Three University of Georgia School of Law students will serve as rapporteurs for the conference; we look forward to posting their reflections on the conference in due course.

 

Briefings from eminent international law judges, plus meetings at Lebanon tribunal, conclude our 2018 Global Governance Summer School

From left, at the Peace Palace, Georgia Law’s Global Governance Summer School students Saif Ahmed, Mills Culver, Bryant Oliver, Maddie Neel, Frances Plunkett, Brooke Carrington, Hanna Karimipour, and Caroline Harvey

THE HAGUE – Briefings from two eminent international law judges anchored the conclusion of our 2018 Global Governance Summer School (prior posts).

This morning, students heard from Sir Christopher Greenwood, a Briton who serves as a member of the Iran-United States Claims Tribunal. Though a presentation accented by anecdotes, he explained the history of US-Iran relations that led to establishment of the tribunal in 1981, the work of the tribunal over the last several decades, and its pending cases.

The presentation by Judge Greenwood, who had served from 2009 until early this year on the International Court of Justice, followed presentations at the latter court yesterday afternoon.

Most notably, the Honorable Joan Donoghue of the United States, one of the ICJ’s 15 permanent judges, spoke yesterday with students, both about the melding of the common and civil law systems in the court’s procedures and about the challenges of judging in the international context.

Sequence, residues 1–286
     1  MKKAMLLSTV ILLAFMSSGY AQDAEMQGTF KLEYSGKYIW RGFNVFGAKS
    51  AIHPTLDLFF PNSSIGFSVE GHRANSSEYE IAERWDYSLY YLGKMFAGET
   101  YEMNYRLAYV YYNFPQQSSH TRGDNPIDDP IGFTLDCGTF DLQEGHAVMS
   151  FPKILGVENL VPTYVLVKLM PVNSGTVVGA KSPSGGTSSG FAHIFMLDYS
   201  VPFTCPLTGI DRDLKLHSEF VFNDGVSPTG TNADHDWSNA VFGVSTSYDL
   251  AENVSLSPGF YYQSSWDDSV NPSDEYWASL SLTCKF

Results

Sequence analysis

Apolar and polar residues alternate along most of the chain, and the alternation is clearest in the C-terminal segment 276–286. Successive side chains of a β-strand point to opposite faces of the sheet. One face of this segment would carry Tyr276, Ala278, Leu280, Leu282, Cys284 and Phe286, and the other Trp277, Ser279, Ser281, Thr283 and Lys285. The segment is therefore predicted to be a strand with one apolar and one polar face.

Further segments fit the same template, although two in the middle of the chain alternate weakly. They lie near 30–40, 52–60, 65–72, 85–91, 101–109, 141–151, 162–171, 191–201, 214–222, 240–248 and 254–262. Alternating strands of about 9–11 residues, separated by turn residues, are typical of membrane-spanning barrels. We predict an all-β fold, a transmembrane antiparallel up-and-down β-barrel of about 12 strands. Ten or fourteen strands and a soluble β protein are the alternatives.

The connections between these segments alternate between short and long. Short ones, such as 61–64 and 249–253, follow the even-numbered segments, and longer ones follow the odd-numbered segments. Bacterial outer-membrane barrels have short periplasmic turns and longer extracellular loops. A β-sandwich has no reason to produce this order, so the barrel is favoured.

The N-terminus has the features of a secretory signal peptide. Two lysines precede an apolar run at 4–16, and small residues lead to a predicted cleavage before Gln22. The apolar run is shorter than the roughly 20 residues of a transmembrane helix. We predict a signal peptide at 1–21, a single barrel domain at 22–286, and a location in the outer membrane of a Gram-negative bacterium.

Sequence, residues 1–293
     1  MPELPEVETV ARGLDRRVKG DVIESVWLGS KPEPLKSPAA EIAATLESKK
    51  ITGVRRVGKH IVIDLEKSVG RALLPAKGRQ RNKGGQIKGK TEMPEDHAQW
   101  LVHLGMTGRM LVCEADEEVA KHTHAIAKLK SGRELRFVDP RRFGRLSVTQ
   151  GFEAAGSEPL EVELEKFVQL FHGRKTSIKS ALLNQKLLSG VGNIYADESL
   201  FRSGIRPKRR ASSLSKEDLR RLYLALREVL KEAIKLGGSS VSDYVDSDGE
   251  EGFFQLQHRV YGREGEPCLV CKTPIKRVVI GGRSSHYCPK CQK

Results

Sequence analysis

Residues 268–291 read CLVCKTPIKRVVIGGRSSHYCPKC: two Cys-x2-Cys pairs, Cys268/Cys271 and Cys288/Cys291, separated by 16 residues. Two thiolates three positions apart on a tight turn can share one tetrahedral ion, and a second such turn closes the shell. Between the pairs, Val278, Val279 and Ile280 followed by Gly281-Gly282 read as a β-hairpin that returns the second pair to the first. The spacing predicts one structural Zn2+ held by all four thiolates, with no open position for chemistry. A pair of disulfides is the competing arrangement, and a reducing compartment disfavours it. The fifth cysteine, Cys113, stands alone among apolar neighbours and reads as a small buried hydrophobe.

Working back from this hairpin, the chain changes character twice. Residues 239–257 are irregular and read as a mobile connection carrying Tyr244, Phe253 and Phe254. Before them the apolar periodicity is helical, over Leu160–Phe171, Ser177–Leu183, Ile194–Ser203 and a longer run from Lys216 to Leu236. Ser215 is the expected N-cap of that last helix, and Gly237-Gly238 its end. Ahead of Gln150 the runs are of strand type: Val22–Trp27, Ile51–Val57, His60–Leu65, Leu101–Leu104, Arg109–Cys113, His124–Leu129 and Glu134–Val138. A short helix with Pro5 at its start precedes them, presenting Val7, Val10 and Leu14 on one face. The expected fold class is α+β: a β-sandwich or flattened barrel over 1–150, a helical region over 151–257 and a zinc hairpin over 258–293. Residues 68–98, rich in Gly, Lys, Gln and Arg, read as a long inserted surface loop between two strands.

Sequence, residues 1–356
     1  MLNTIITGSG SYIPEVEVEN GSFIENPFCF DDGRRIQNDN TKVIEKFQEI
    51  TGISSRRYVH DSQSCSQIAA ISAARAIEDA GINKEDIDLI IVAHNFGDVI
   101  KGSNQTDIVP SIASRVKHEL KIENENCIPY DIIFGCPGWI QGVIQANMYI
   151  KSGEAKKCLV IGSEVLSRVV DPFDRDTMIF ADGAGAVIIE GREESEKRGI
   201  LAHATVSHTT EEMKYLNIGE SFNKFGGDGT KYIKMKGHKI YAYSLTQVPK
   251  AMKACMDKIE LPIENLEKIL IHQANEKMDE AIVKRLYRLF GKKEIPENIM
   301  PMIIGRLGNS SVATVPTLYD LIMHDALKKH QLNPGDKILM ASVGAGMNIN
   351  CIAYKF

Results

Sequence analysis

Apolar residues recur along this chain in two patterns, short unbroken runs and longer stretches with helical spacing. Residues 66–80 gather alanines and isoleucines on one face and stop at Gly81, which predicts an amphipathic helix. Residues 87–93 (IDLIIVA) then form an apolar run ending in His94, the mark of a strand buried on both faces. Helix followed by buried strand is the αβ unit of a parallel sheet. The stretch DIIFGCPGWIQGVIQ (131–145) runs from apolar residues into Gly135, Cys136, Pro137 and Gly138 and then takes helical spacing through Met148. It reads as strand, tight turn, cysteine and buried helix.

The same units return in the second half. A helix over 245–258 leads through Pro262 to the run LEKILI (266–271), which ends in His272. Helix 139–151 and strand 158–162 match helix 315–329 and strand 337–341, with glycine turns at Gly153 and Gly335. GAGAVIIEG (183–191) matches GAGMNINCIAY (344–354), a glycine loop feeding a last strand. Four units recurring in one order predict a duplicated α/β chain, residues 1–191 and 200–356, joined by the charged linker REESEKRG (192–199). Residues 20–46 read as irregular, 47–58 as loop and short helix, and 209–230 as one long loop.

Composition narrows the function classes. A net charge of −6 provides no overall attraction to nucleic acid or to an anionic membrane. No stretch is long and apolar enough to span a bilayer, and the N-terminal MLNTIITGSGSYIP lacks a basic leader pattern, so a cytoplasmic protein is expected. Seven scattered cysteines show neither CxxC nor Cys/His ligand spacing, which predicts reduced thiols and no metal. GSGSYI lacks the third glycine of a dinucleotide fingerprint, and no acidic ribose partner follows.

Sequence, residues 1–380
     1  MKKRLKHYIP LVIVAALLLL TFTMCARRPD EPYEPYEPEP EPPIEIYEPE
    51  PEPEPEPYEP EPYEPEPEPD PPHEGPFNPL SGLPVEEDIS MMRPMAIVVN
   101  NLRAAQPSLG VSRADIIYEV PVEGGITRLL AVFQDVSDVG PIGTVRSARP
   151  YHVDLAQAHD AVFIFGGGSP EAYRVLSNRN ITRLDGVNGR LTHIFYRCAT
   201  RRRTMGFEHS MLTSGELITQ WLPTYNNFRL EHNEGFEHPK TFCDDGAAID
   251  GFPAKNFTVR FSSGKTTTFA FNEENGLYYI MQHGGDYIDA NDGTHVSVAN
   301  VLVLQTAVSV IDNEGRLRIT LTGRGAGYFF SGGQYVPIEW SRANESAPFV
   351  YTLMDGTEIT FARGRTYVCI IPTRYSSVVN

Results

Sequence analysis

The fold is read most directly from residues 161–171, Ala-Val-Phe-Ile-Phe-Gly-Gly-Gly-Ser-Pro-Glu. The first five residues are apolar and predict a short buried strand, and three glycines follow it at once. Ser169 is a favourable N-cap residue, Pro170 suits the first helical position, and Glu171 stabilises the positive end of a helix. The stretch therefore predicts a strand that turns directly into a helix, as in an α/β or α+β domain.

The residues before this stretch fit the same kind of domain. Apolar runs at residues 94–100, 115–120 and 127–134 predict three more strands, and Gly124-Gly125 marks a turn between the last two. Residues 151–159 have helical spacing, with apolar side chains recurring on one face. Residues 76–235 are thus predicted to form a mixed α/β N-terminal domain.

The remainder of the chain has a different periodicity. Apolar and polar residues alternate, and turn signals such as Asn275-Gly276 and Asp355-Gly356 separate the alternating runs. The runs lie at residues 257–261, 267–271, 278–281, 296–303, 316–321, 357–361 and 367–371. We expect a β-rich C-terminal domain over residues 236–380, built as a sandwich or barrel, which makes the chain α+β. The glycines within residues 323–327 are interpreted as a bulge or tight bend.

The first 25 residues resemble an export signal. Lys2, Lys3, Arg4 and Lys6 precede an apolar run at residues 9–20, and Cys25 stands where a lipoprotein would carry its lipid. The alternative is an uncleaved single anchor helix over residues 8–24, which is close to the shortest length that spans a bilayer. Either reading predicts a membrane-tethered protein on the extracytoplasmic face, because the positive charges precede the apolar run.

Also at the ICJ, Julia Sherman, a Judicial Fellow who works with Judge Donoghue, provided a tour of the ICJ’s headquarters, the 105-year-old Peace Palace. Sherman led students through the life cycle of an ICJ case, and also gave overviews of some recently decided ICJ cases.

Our summer school had started yesterday at the Special Tribunal for Lebanon, where representatives of the various court organs spoke to students. They included: Kirsten Calhoun, a Legal Officer in Chambers, who gave an overview of the tribunal’s history and mandate, as well as an introduction to the applicable law; Peter Koelling, Chief of the Registry’s Court Management Services Section; TJ Adhihetty, Trial Counsel in the Office of the Prosecutor, who walked students through the prosecution’s case in Prosecutor v. Ayyash et al., focusing on call data records; and Marie-Pier Barbeau, Legal Officer in the Legal Advisory Section of the tribunal’s Defence Office, and Jason Antley, Associate Legal Officer representing the interests of defendant Salim Jamil Ayyash, who discussed the challenges of representing the named defendants in absentia.

The Global Governance Summer School having come to and end, some students began or continued Global Externships, while others traveled in Europe before returning to the United States.

Professor Bruner publishes chapter on “How Small Jurisdictions Compete in International Financial Services”

Christopher M. Bruner, J. Alton Hosch Professor of Law here at the University of Georgia School of Law, has just published “How Small Jurisdictions Compete in International Financial Services.”

This chapter appears in Integration and International Dispute Resolution in Small States, a 2018 Springer volume edited by Petra Butler (Victoria University of Wellington, New Zealand), Eva Lein (University of Lausanne, Switzerland), and Salim Rhonson (Open University).

Bruner’s contribution is a revised version of his keynote address at a conference on “International Financial Services and Small States,” held in London in 2017.